The Development of the Tower
The Medieval Tower
The Tower in Tudor Times
The Restoration and After
The Tower in the 19th Century
The 20th Century
The Tower of London
The History of the Tower of London
Fortress, Palace and Prison
This short history of the Tower of London charts the different stages of its development. Throughout its history, the Tower has attracted a number of important functions and its role as armoury, royal palace, prison and fortress is explained, as well as its modern role as tourist attraction and home to a thriving community.
The development of the Tower
The Tower in 1100 The Tower in 1270 The Tower in 1547
WestmCastle building was an essential part of the Norman Conquest: when Duke William of Normandy invaded England in 1066 his first action after landing at Pevensey on 28 September had been to improvise a castle, and when he moved to Hastings two days later he built another. Over the next few years William and his supporters were engaged in building hundreds more, first to conquer, then subdue and finally to colonise the whole of England.
By the end of the Anglo-Saxon period London had become the most powerful city in England, with a rich port, a nearby royal palace and an important cathedral. It was via London that King Harold II (1066) and his army sped south to meet William, and to London which the defeated rabble of the English army returned from the Battle of Hastings in 1066. Securing the City was therefore of the utmost importance to William. His contemporary biographer William of Poitiers tells us that after receiving the submission of the English magnates at Little Berkhampstead, William sent an advance guard into London to construct a castle and prepare for his triumphal entry. He also tells us that, after his coronation in inster Abbey on Christmas Day 1066, the new King withdrew to Barking (in Essex)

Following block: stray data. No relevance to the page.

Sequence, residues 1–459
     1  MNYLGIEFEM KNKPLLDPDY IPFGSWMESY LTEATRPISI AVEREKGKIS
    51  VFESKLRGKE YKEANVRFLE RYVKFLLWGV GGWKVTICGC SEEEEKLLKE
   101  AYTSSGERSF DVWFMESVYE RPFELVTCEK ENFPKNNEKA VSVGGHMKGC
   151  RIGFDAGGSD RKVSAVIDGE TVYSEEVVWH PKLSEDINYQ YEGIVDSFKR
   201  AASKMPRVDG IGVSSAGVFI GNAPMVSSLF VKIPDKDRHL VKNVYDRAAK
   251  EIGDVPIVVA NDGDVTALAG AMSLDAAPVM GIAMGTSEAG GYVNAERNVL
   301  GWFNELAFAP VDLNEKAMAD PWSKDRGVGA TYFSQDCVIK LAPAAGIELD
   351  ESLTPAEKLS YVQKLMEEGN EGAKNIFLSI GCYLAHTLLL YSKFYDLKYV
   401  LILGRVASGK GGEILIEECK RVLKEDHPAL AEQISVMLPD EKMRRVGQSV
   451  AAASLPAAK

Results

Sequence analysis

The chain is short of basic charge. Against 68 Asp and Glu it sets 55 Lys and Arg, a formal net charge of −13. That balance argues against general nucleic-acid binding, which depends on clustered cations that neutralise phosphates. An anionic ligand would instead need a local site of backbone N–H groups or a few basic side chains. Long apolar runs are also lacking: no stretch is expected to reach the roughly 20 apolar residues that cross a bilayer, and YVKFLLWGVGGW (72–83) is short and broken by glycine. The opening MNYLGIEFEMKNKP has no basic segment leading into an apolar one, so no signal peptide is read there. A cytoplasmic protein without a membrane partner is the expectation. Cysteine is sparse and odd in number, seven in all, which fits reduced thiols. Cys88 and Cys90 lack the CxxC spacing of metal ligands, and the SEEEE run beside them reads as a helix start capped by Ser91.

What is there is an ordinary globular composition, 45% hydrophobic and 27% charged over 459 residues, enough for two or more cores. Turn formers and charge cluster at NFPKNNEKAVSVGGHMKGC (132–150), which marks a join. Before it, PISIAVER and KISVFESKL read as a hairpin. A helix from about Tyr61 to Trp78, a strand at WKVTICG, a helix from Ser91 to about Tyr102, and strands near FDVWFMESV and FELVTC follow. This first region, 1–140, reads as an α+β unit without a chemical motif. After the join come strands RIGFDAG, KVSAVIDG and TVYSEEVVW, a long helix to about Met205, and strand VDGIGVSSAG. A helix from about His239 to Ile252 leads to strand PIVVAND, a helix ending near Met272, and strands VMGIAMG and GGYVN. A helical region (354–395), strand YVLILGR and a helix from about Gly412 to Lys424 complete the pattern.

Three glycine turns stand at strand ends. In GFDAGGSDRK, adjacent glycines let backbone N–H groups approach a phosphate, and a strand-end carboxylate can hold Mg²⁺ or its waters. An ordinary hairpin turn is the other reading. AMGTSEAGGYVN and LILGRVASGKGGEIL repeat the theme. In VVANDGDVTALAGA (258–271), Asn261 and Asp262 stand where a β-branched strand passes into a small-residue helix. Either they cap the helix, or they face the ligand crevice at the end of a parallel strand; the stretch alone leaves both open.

‘while certain fortifications were completed in the city against the restlessness of the vast and fierce populace for he realised that it was of the first importance to overawe the Londoners. These fortifications may have included Baynard’s Castle built in the south-west angle of the City (near Blackfriars) and the castle of Monfichet (near Ludgate Circus) and almost certainly the future Tower of London. Initially the Tower had consisted of a modest enclosure built into the south-east corner of the Roman City walls, but by the late 1070s, with the initial completion of the White Tower, it had become the most fearsome of all. Nothing had been seen like it in England before. It was built by Norman masons and English (Anglo-Saxon) labour drafted in from the countryside, perhaps to the design of Gundulf, Bishop of Rochester. It was intended to protect the river route from Danish attack, but also and more importantly to dominate the City physically and visually. It is difficult to appreciate today what an enormous impression the tower and other Norman buildings, such as St Paul’s Cathedral (as rebuilt after 1086) or the nearby Westminster Hall (rebuilt after 1087) must have made on the native Londoners.
Реферат опубликован: 11/11/2009